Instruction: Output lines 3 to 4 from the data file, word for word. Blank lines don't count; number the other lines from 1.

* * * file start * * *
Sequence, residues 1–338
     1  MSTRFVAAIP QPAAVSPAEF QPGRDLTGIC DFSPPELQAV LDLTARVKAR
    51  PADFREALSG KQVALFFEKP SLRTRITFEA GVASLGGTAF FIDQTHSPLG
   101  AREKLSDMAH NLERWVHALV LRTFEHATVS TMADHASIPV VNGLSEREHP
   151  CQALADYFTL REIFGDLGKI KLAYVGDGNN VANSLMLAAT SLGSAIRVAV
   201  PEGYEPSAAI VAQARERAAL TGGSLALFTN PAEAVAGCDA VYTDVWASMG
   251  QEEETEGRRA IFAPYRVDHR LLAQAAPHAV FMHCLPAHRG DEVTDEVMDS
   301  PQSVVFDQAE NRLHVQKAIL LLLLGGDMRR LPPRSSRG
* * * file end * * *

    51  PADFREALSG KQVALFFEKP SLRTRITFEA GVASLGGTAF FIDQTHSPLG
   101  AREKLSDMAH NLERWVHALV LRTFEHATVS TMADHASIPV VNGLSEREHP